Catholics called on to rebuild 'religious sense'
By Nathan Rumohr
The B.C. Catholic
Sometimes it only takes an invitation to get someone back to church. But while the "harvest is plentiful, the labourers are few," according to Kyle Neilson, the evangelization director for the Archdiocese of Vancouver.
"The habit of seeking out and inviting people to come one step closer to the Church is very rare," he added.
Neilson hopes to offset that lack of initiative as he leads the archdiocese's effort to follow Pope Benedict XVI's call to a Year of Faith.
The Year of Faith will run from Oct. 11, 2012, to Nov. 24, 2013, as part of the "new evangelization" called for by Pope Benedict's predecessor and close friend, Blessed Pope John Paul II. The year's start coincides with the anniversaries of the opening of the Second Vatican Council in 1962 and the promulgation of the Catechism of the Catholic Church in 1992.
"Ever since the start of my ministry as Successor of Peter, I have spoken of the need to rediscover the journey of faith so as to shed ever-clearer light on the joy and renewed enthusiasm of the encounter with Christ," Pope Benedict wrote in his apostolic letter Porta Fidei (Open Wide the Doors of Faith).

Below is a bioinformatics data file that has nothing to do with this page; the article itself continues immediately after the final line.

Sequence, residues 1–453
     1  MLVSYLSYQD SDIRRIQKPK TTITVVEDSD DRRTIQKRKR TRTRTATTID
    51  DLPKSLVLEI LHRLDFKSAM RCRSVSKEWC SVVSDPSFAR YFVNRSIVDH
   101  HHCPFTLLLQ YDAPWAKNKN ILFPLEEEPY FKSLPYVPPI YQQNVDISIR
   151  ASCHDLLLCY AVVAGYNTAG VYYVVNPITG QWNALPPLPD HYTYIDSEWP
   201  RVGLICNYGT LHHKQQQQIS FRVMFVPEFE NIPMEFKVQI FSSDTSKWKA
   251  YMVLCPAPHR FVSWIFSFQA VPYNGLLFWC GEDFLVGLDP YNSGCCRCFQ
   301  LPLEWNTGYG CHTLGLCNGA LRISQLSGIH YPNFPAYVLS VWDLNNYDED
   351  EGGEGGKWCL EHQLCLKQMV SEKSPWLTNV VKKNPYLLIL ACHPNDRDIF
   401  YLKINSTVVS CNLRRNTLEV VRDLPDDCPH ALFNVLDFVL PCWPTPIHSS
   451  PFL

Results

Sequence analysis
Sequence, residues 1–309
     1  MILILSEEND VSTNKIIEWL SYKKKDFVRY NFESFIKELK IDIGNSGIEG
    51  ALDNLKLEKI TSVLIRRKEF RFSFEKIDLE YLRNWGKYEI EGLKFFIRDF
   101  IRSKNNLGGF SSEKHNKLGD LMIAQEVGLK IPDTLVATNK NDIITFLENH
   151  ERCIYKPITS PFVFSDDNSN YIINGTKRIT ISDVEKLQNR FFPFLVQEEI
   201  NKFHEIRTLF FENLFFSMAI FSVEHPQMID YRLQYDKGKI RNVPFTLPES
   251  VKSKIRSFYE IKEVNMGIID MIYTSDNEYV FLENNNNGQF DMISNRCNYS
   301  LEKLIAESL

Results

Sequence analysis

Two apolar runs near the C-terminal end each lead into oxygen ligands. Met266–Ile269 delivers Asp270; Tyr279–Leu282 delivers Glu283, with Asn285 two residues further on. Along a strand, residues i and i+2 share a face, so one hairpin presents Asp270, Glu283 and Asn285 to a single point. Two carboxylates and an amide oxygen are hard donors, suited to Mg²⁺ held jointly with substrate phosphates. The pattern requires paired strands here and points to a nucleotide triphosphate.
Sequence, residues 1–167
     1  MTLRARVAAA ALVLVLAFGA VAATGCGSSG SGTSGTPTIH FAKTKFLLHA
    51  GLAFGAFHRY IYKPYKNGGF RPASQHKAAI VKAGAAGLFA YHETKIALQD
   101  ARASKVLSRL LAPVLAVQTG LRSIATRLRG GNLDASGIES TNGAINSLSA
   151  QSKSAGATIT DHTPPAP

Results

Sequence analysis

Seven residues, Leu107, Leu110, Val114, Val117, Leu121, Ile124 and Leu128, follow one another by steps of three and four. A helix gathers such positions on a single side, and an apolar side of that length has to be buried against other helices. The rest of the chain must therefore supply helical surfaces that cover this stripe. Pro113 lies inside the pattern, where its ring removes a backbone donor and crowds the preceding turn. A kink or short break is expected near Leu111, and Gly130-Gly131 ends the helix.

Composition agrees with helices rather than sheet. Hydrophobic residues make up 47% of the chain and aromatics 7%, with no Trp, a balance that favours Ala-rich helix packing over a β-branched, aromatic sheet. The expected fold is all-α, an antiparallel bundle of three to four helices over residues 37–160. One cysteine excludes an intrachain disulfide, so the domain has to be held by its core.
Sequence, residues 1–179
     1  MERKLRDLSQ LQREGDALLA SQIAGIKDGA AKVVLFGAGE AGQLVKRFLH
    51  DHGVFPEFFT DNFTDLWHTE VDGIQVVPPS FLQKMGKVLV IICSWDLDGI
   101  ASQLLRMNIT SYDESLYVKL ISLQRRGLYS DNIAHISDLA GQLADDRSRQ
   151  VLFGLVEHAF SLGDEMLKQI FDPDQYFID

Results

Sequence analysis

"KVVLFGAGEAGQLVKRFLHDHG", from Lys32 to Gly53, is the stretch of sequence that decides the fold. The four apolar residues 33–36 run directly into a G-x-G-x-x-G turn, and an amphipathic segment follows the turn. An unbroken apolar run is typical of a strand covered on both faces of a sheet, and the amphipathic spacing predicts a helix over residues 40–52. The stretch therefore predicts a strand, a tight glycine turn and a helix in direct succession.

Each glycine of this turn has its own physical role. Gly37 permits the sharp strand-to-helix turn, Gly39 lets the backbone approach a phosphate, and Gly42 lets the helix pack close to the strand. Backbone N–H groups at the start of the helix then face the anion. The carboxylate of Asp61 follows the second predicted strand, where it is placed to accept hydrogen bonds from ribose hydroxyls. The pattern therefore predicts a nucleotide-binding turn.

The Vatican's Congregation for the Doctrine of the Faith has constructed a comprehensive strategy for dioceses around the world to bring people to the Church.
"This Year of Faith is not just a nice idea, it's an urgent and necessary idea in my humble opinion," Neilson stated. "As Scripture says, 'Without faith it's impossible to please God.'"
"I hope the Year of Faith will open wide the doors of faith in Christ in the Archdiocese of Vancouver," said Archbishop J. Michael Miller, CSB. He said Catholics must rebuild their "religious sense."
Neilson noted that a 2010 archdiocesan survey revealed that out of 450,000 Catholics in the Vancouver archdiocese, only 96,000 practised their faith regularly.
"I thank God for Pope Benedict's decision. The culture is very dark, and there is a lot of this culture that wants to stamp out faith."
Neilson said it's counter-cultural to be a Catholic in today's world, but that also means it's an exciting time for the faithful to live authentic lives.
He summed up Porta Fidei, dividing it into two parts. He said first that faith is revealed truth, given to the faithful, by Jesus Christ through the Church. The second part is the personal response from the faithful to Christ's revealed truth.
"We don't want to limit these dimensions to one or the other," said Neilson. "The two go together, and both need to be strengthened. We will be looking to work on that this year."